Houses of the Mole


    Al Jourgensen lives in Texas. Al Jourgensen kicked drugs. Al Jourgensen lost his longtime bassist. Al Jourgensen can’t stand the Bush administration. From pouty Euro-synth ballads, to Twitching proto-industrial clunks, to apocalyptic cowboy drug bombast, Jourgensen has been the only constant in the ever-evolving project that is Ministry. So, it’s easy to connect the goddamn dots between Jourgensen’s personal situation and the tracks on Ministry’s Houses of the Mole. More on that later. First, here’s the subjective sum up: With Mole, Jourgensen has regained focus, and fury, and has aimed this spastic collection of industrial mayhem and guitar onslaught at the Bush administration.


    1. Texas is the Reason

    Recorded at El Paso’s Sonic Ranch, Mole regains the industrial-metal momentum where 1992’s classic Psalm 69 left off (Filth Pig and Dark Side of the Spoon were distracted at best, and last year’s Animositisomina only hinted at a revitalized Ministry). Jourgensen revisits Psalm‘s themes — primarily, the ousting of the Bushes. Where Psalm protested the George Sr., Mole remonstrates the George Jr. And for Jourgensen, this is not the time for subtleties: Every song contains a W in its title and acid in its guts.

    2. Parting with Barker

    Jourgensen explains on that without Barker, who played the role of programmer, co-writer and bassist since 1988’s The Land of Rape and Honey, he was able to get back to the basics and put out a punk-rock record. And though Mole doesn’t assume the punk phrasing of Crass, Dead Kennedys, or the Clash, it’s just as politically pointed, with Jourgensen injecting his own industrial flare: mixing aggressive guitars, buzz-saw vocals and a pastiche of samples.

    3. Thieves, Liars

    As with the Bush Sr. “New World Order” sample on Psalm‘s “N.W.O.,” Jourgensen once again successfully de-contextualizes media, movie and operatic sound clips on Mole, which opens strongly with “No W.” Its immense and classically spooky chorus, lifted from Orff’s “Carmina Burana,” erupts into a galloping drum beat and chug-a-lug guitars. Jourgensen snarls: “Ask me why you are feeling screwed and I’ll give you the answer. There’s a Colin, Dick and Bush justa hammerin’ away.” G.W. excerpts enter and mingle with the apocalyptic metal and “Carmina” chorus: “We’re fighting evil … the F.B.I., the C.I.A. We’re on the hunt … one person at a time.”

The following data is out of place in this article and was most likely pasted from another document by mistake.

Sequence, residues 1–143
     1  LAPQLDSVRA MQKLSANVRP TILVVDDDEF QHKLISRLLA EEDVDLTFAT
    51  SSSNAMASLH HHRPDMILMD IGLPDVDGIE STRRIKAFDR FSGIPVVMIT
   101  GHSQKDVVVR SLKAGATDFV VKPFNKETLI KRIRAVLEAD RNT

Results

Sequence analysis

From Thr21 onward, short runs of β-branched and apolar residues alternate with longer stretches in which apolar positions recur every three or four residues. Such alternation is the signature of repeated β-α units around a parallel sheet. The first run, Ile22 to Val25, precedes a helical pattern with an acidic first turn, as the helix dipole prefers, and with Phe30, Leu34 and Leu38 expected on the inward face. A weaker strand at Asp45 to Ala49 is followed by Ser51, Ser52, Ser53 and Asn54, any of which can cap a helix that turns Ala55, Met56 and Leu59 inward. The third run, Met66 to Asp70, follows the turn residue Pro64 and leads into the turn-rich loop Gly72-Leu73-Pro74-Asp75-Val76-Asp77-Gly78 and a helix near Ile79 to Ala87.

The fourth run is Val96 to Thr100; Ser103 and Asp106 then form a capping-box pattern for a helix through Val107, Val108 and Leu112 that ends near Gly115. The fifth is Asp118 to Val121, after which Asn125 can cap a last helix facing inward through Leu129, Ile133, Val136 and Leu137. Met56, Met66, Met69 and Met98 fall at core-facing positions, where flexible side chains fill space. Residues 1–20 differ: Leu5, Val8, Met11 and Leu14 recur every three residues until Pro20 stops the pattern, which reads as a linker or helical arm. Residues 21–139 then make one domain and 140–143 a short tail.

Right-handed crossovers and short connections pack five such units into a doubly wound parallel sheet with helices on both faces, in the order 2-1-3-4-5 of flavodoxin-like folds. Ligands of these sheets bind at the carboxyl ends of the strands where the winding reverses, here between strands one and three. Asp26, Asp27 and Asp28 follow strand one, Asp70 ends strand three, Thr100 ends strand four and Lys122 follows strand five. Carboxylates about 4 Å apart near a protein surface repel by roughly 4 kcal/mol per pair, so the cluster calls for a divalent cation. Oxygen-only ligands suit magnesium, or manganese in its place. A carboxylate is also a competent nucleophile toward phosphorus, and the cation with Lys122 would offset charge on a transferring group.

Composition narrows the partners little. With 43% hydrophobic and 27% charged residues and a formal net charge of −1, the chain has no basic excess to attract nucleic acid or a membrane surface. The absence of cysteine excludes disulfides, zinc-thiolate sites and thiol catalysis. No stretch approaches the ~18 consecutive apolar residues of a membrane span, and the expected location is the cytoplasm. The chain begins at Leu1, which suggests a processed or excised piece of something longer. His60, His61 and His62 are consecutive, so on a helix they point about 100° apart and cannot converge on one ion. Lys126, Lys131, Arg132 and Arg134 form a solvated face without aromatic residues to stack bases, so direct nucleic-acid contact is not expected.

The thrashing guitars and jack-hammer drums continue in “Waiting,” which boasts the amazing refrain: “Waiting for Christ in the U.S.A.” “Wrong” builds from a bass run into a dissident’s fist-pumping anthem: “You’re wrong, every time.” And like a rebroadcast of its Psalm 69 counterpart “TVII,” “WTV” explodes with its programming stutters, smoldering guitar run, and Jourgensen’s tormented, staccato vocals: “I got nothing else to do/ sit around and watch the tube/ gather information/ that is useless aggravation/ I refuse, I refuse.” Aside from a hidden track, No. 23 (another prod at the pres? likely, considering G.W.’s employment of Psalm 23 in his national post-9-11 address.), Mole loses its legs a bit after “WTV” and adopts a slower, but tastefully dystopian, industrial tone. And though Ministry isn’t breaking new ground on Mole, the requisite Ministry trademarks of late — the looping, wall-of-sound guitars, bitter vocals and relentless drums — are firmly intact, and the band sounds recharged.

    4. Get Up, Get On Your Feet

    Though Mole projects a distinctly cynical sheen, Jourgensen isn’t apathetic. Apparently experiencing an influx of energy since kicking dope, he’s aligned himself with, contributed a track on the Rock Against Bush compilation, and publicly denounced Urban Outfitters for selling T-shirts with the slogan “Voting Is for Old People.” Jourgensen has also resurrected one of his most notorious side-projects, the Revolting Cocks, (look forward to the Cocks’s Purple Head sometime soon), and is launching a tour. Accompanied by disco-trash-fleshpot-devils My Life With The Thrill Kill Kult, Ministry will do a bit of campaigning of their own, hitting the North American streets this election year with the Evil Doer Tour and providing a suitable soundtrack for the unrest of us in the U.S.A.